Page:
Upstart EV maker Lucid and Panasonic Holdings announced a multi-year agreement earlier this week that will provide the automaker with lithium-ion batteries for its Lucid Air sedan and upcoming Lucid Gravity SUV.
Panasonic has been supplying batteries solely to Tesla, but is now seeking to diversify its customer base.
“Panasonic is a fantastic partner with both innovative technology and depth of experience,” said Peter Rawlinson, Lucid’s CEO and CTO. “This agreement will help us meet the growing demand for lithium-ion batteries as we continue to ramp production of the full Lucid Air line-up in 2023 and expect to begin production of our Gravity SUV in 2024.”
The agreement furthers Panasonic’s plans to expand production of lithium-ion EV batteries beyond Japan and into the U.S. with production coming from both a facility in Japan, as well as expected future production from its recently announced $4 billion EV battery production facility in De Soto, Kansas. Batteries from that facility will be eligible for tax credits under the Inflation Reduction Act.
“With the increased electrification of the automotive market, partnerships with technology-leading EV manufacturers such as Lucid are critical to our mission,” said Kazuo Tadanobu, president, CEO of Panasonic Energy Co. Ltd. “This partnership will help us drive growth of the lithium-ion battery industry and accelerate the world towards a net-zero emissions future.”
Staving off further production cuts
Citing supply chain issues, Lucid cut its ambitious production forecasts twice already this year. Announcements of planned production cuts in February and again in August reduced the planned output from 20,000 to 12,000 and then to 6,000 units for the year. By mid-year, the company had produced fewer than 1,000 vehicles.
In August, Rawlinson said the company experienced sporadic shutdowns of its production line due to supply chain problems, but also faced problems accelerating its production line to build more vehicles. Initially he said the company couldn’t feed the correct parts to the line at the correct time and cadence, affecting build quality.
Mastering the art of just-in-time automobile manufacturing, generally known as the Toyota Production System after the company that first developed the techniques, is no easy feat for any automaker.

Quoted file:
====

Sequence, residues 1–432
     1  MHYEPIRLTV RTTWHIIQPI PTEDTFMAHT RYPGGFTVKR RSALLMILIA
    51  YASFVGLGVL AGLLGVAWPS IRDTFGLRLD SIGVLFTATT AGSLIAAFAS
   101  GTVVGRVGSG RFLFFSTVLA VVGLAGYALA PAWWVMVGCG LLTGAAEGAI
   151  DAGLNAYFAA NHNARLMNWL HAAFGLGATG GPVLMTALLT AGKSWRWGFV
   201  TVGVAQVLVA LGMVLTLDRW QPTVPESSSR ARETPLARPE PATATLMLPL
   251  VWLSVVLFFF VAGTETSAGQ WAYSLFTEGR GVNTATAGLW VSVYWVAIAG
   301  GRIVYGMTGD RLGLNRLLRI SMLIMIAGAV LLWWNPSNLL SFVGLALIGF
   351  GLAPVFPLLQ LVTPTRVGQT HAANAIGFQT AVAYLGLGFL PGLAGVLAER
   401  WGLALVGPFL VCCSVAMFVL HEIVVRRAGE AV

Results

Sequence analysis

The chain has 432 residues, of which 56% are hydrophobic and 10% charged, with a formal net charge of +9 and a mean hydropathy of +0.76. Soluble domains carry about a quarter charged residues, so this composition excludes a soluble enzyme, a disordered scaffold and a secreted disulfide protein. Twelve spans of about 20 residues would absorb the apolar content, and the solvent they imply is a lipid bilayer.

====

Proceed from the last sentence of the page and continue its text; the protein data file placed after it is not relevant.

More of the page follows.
However, the company did produce 2,282 vehicles in the third quarter, it and expects to meet or exceed the 6,000-unit target for the year. Lucid realized third quarter revenues of $195.5 million from deliveries of 1,398 vehicles. The company further touts its 34,000 active reservations. Although that’s down from 37,000 earlier in the year, that number of reservations would yield up to $3.2 billion if they are completed as sales.
After raising the price for its vehicles by up to 13% in June, Lucid has begun offering a discount for employees to buy a vehicle and take delivery before the end of the year. According to Business Insider, the company is offering employees an $18,000 discount if they buy during December.
They’re doing this in the form of a stipend of $500 per pay period to help finance the purchase of a 2022 Lucid Air Grand Touring model, which retails for $154,000. The stipend would be added to each paycheck until $18,000 has been paid. The discount is also contingent on the employees continuing to remain at work for Lucid.
If enough employees ink the deal to buy the cars, the benefit of this plan is twofold: not only will it help bolster Lucid’s customer delivery and revenue numbers, but it essentially provides a free loan to the company, which will realize cash this month, and will only have to pay some of it back over the next 18 months. It also locks those employees in for the next 18 months, if they want to get their full stipend.
Signs point to a rocky road
Lucid has enough public interest to succeed if they can translate reservations into sales and deliveries, and the company’s specialty models have received rave reviews. However, the path from an exciting product to commercial success is always rough.
Lucid’s challenges with supply chains and manufacturing logistics are real and have sunk nascent automakers before. The new agreement with Panasonic should take some pressure off the supply line, and that’s good news for Rawlinson and his team.